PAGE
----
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The BFG: Blu-ray + DVD + Digital HD Review

Roald Dahl's The BFG (2016) movie poster The BFG

Theatrical Release: July 1, 2016 / Running Time: 118 Minutes / Rating: PG

Director: Steven Spielberg / Writers: Roald Dahl (book), Melissa Mathison (screenplay)

Cast: Mark Rylance (The BFG), Ruby Barnhill (Sophie), Penelope Wilton (The Queen), Jemaine Clement (Fleshlumpeater), Rebecca Hall (Mary), Rafe Spall (Mr. Tibbs), Bill Hader (Bloodbottler), Σlafur Darri Σlafsson (Maidmasher, Cook), Adam Godley (Manhugger, Lout #1), Michael David Adamthwaite (Butcher Boy, Danish Driver), Daniel Bacon (Bonecruncher, Lout #2), Jonathan Holmes (Childchewer, Pub Landlord), Chris Gibbs (Gizzardgulper, Late Night Walker), Paul Moniz de Sa (Meatdripper, Lout #3)

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After several years of making austere dramas for adults, Steven Spielberg lightens up with The BFG, all-ages entertainment adapted from the 1982 children's book by Roald Dahl. This big-budget fantasy represents the final movie of E.T. screenwriter Melissa Mathison,
who passed away last year, and the first movie that Spielberg has made for Walt Disney Pictures. Despite the studio and PG rating, BFG might be, like the last Dahl adaptation (Wes Anderson's stop-motion Fantastic Mr. Fox), better appreciated by grown-ups than children.

Subtly set in the 1980s, the film opens with insomniac young protagonist Sophie (Ruby Barnhill) occupying herself during the wee morning hours at the London orphanage she calls home. While looking out the window, she discovers a large figure lurking in the shadows. The figure approaches, reaches his hand in through the window, grabs Sophie and the blanket in which she's hiding, and brings them back to Giant Land. Her captor is a giant, although where he comes from he is called Runt by the others who all tower over him. This large-eared, pointy-nosed, long-necked giant (a recognizably motion-captured and excellent Mark Rylance, fresh off his Bridge of Spies Oscar win) is a gentle one, whom Sophie will come to dub Big Friendly Giant, or BFG for short (aha!).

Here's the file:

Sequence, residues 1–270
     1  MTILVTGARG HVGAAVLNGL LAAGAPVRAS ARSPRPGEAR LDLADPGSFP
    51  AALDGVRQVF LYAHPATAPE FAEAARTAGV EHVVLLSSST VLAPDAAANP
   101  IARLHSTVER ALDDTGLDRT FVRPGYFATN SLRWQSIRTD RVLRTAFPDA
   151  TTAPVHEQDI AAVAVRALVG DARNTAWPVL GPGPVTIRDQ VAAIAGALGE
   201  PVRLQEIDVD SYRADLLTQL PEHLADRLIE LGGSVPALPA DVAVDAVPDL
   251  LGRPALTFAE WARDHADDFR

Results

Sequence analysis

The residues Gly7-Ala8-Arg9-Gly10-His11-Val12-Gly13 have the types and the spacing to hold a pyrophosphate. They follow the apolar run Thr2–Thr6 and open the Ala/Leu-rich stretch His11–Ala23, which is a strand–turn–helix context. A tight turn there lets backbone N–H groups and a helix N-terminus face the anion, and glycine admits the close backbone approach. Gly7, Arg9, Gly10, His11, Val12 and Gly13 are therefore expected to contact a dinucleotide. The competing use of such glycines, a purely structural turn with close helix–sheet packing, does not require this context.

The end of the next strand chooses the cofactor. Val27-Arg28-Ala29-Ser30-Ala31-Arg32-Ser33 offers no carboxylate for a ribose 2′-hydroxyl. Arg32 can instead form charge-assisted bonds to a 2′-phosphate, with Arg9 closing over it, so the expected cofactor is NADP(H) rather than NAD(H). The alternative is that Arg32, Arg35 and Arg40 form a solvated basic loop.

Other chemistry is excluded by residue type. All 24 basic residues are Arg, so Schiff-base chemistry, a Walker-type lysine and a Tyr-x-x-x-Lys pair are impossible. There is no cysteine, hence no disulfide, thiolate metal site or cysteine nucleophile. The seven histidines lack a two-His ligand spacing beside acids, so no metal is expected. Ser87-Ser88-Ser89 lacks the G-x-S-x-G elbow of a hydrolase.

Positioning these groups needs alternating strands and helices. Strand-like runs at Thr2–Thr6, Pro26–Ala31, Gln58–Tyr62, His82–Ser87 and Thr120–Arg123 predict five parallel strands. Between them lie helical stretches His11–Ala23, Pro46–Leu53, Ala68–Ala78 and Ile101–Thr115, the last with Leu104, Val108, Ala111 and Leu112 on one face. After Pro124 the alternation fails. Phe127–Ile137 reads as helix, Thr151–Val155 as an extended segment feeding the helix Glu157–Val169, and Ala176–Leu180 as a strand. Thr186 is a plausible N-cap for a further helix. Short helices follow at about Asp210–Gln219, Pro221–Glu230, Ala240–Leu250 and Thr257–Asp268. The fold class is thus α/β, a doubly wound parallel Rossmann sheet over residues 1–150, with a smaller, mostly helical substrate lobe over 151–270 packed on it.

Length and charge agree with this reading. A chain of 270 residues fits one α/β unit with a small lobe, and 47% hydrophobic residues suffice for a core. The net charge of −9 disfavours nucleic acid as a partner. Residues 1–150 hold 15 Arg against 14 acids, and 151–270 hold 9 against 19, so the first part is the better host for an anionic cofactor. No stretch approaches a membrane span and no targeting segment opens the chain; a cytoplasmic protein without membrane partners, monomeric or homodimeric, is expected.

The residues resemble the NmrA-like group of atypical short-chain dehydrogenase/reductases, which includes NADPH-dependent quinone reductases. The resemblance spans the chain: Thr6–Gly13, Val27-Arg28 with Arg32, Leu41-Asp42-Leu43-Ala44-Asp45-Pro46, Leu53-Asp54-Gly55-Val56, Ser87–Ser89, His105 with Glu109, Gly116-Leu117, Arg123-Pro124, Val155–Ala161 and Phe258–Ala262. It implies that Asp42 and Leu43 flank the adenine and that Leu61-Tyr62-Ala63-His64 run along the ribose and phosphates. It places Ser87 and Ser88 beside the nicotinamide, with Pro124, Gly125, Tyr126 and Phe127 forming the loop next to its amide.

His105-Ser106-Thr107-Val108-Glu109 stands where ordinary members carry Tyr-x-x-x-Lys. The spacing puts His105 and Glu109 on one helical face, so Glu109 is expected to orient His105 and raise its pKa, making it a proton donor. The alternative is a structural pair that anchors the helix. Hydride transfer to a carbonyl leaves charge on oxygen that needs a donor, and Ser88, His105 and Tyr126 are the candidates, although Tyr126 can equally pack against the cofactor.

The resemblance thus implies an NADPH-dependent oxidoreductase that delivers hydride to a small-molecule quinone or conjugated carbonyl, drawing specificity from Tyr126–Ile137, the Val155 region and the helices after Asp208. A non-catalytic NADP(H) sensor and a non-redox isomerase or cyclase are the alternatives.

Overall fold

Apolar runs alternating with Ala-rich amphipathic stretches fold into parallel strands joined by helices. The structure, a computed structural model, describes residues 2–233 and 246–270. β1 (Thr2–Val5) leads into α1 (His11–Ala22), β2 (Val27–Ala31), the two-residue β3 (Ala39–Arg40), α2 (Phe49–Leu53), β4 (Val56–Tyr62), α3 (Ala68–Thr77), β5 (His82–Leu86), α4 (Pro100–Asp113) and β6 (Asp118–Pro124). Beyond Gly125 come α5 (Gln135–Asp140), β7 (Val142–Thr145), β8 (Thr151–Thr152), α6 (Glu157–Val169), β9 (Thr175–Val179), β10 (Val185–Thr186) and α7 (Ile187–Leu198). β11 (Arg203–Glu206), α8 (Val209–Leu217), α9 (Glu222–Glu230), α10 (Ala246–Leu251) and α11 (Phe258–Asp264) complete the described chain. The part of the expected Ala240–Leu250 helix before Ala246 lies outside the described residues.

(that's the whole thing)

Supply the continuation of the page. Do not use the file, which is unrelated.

Speaking with a charming vocabulary that could only have come from the mind of Dahl, the BFG explains his world to Sophie, why he's taken her, and why she must hide from his fellow giants, who love the taste of "human bean." The BFG lets Sophie tag along on his work run, catching and jarring dreams that he will then supply to sleeping children.

In "The BFG", human "bean" orphan Sophie (Ruby Barnhill) befriends a big friendly giant (Mark Rylance).

The two outsiders form a special, unconventional friendship, but they find themselves in danger when the boorish other giants, led by Fleshlumpeater (Jemaine Clement), discover Sophie's blanket left behind in their home and come looking for her.

In a bizarre turn that again could only have come from Dahl's imagination, Sophie and the BFG take the extreme measure of enlisting the Queen of England (Penelope Wilton) to help them avoid doom at the hands of Fleshlumpeater and his nine or so brethren.

The BFG is quite bigger in scope than other Dahl adaptations. It is loaded with visual effects, necessarily so. You know those will be state of the art in a Steven Spielberg movie and, indeed, they are. While digital characters are not the novelty they were some years ago, they still represent a challenge and, if done properly, an achievement. The BFG and his less friendly counterparts need to look real and believable, but not so real to approach the uncanny valley as some accused Robert Zemeckis' mo cap works of the 2000s. Spielberg and a visual effects team from Weta Digital pull that off with ease. You never doubt the giants, which exist comfortably in what feels like some state between live action and animation.

In a seemingly random turn, the BFG (Mark Rylance) drops by Buckingham Palace and gets to dine with the Queen.

No one can dispute Spielberg's technical prowess, which has been on clear display in even his lesser films. The bigger feat here is that the director captures the emotional elements of the story.